The Institute for Local Self Reliance has taken a deep dive into broadband providers and competition for their latest report – Profiles of Monopoly: Big Cable & Telecom. On the highest level, this is what they found…
Real Competition Drives Investment : The telecom companies have invested in Fiber-to-the-Home in areas where they face competition, which are generally more urban areas. The advent of Google Fiber in 2011 further increased the competition in urban markets. Efforts to increase investment from the largest firms in more rural areas have largely failed. Though states have varied regulations, the same trend results in every state — investment by the large ISPs is correlated to competition rather than the regulatory environment. This reality does not suggest that competition between a cable monopoly and a telephone monopoly is sufficient for high-quality Internet access, but it clearly helps to ensure connections at the minimum definition of broadband.
Big Cable Companies Dominate: These networks are capable of delivering high-speed broadband to everyone within their service area, a legacy of the local franchising requirements that often required universal service or at least service to all areas with a specified density of housing. More than half of the states have since removed local authority to negotiate such provisions but they bear some responsibility for the far-reaching cable networks.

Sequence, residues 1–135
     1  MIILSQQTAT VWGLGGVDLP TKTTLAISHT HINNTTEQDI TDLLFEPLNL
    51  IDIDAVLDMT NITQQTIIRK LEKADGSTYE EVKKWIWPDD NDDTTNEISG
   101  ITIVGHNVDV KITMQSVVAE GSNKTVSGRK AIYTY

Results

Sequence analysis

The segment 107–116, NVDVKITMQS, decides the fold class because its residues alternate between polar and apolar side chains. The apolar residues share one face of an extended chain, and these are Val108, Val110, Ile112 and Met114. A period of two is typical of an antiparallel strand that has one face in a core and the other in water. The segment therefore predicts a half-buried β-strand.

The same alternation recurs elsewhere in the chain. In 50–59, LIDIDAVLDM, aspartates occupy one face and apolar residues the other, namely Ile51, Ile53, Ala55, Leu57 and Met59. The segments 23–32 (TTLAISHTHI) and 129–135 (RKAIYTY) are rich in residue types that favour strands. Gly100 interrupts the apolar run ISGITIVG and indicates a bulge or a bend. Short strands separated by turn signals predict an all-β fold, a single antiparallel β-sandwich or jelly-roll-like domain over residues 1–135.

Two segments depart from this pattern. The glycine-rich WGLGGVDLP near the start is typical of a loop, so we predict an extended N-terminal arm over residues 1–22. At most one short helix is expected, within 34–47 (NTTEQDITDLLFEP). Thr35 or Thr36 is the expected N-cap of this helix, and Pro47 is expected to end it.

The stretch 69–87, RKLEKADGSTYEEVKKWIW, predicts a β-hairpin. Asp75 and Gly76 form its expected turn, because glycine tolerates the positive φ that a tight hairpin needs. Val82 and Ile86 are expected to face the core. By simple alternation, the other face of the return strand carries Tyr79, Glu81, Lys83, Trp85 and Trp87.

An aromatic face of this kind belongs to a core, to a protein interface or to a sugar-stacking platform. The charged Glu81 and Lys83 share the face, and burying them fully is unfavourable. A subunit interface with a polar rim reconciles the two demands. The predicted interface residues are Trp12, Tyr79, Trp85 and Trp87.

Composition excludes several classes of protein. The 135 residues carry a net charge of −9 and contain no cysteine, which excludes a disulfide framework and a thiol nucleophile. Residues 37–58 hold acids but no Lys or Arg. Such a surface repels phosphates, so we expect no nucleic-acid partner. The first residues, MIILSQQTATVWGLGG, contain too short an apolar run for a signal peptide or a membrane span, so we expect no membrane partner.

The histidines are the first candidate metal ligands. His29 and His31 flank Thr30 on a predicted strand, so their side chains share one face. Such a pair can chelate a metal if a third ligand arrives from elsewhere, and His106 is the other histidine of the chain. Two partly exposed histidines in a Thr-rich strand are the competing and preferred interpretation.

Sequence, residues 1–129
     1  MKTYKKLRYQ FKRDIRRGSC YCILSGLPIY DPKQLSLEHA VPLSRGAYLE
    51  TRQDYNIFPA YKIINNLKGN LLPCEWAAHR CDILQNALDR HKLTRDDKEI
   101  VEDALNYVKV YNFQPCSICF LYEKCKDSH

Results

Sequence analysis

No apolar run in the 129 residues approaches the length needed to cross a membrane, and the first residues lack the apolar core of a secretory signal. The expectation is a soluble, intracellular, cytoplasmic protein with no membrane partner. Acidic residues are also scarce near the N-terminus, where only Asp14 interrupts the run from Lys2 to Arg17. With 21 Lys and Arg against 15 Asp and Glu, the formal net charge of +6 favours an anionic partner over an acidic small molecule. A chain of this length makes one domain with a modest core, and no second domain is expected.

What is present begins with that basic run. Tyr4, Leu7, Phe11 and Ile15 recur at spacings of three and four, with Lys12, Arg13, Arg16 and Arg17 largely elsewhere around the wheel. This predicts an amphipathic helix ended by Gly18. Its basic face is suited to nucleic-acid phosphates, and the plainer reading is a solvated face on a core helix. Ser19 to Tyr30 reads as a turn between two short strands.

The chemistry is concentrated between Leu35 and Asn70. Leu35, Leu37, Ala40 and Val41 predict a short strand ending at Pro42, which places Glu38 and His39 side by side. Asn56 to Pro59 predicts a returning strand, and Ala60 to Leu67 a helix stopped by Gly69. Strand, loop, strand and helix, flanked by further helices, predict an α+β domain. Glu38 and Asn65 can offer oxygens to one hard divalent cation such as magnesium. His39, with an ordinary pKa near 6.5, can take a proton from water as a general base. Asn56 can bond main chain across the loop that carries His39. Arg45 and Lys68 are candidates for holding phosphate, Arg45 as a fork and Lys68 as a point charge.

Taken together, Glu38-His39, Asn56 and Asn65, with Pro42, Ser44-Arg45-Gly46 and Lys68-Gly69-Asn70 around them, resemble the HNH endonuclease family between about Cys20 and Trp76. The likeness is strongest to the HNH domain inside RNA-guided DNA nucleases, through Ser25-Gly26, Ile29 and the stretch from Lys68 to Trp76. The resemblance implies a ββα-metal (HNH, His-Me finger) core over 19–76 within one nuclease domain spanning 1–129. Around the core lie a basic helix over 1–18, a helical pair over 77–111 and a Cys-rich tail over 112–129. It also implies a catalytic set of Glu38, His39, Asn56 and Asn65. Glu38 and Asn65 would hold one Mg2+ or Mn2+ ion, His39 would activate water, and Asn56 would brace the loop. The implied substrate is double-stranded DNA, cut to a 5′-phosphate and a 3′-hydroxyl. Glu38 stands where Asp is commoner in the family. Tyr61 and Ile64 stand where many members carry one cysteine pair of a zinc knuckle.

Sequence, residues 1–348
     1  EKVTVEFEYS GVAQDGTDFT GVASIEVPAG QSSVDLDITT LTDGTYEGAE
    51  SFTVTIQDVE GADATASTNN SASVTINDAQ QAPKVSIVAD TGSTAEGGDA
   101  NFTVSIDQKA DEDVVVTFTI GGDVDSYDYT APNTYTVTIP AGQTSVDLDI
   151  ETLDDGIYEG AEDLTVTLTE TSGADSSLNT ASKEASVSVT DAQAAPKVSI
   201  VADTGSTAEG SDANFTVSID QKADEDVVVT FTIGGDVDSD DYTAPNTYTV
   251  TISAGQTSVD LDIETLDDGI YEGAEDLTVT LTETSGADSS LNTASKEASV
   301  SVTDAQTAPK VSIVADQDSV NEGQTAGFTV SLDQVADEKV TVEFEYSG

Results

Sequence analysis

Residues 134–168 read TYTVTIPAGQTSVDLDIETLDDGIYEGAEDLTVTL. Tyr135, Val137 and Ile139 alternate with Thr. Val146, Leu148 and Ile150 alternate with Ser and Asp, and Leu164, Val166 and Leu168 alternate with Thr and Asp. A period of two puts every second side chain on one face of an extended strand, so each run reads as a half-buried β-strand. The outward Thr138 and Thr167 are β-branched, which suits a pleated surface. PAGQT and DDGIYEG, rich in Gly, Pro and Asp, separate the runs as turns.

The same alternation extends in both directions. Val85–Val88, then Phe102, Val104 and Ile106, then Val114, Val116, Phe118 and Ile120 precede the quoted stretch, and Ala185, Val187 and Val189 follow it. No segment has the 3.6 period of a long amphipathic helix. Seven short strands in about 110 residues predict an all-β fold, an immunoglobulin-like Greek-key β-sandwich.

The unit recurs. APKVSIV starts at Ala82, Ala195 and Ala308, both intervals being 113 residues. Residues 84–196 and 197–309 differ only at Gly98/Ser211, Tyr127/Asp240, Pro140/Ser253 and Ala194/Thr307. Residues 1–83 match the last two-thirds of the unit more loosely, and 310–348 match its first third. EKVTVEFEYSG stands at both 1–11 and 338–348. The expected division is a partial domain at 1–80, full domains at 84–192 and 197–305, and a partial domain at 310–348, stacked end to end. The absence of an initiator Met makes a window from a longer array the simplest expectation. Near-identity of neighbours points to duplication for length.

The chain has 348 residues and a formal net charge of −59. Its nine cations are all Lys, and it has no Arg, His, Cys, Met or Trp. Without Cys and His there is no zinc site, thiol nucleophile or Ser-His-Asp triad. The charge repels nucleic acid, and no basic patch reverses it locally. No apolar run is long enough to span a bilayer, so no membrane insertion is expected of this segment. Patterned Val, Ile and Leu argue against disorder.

Big Cable and Telecom Focus on Urban Markets : The big cable and telecom companies fight over urban customers, not rural customers. About 98 percent of the urban population (254 million people) have access to broadband. About 5 million urban residents, however, remain without broadband access. In rural areas, only 69 percent of the population (43.6 million people) have broadband access, leaving 19.3 million rural residents without high-speed Internet access.
The report profiles 6 providers: Comcast, Charter, AT&T, CenturyLink, Frontier, and Verizon. They track how many customer they have, their potential and the customers they have in monopoly areas versus competitive areas. The numbers are startling at times. The number of monopoly customers are a magnitude smaller than the competitive areas.
They give a nod to Blandin’s recent report – Impact of CAFII-funded Networks: Lessons From Two Rural Exchanges Left Underserved, which highlights the fact that (federally subsidized) CAF II networks being deployed are not meeting Minnesota state speed goals. (CAFII only requires 10/1 speeds and with the quickly diminishing quality of the lines, that is what they are building to in many areas.)
The report leaves some advice for communities…
The fact is, the large providers, such as Comcast and AT&T, have not answered the digital divide. Communities must find their own way, whether be working in partnership with local ISPs, cooperatives, or building their own community networks.